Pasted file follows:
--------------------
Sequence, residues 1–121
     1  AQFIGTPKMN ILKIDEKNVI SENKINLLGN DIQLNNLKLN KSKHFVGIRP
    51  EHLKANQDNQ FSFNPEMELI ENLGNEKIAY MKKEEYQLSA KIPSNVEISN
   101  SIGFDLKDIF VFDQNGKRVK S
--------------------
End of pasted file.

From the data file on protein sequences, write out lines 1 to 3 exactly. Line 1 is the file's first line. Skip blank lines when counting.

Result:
Sequence, residues 1–121
     1  AQFIGTPKMN ILKIDEKNVI SENKINLLGN DIQLNNLKLN KSKHFVGIRP
    51  EHLKANQDNQ FSFNPEMELI ENLGNEKIAY MKKEEYQLSA KIPSNVEISN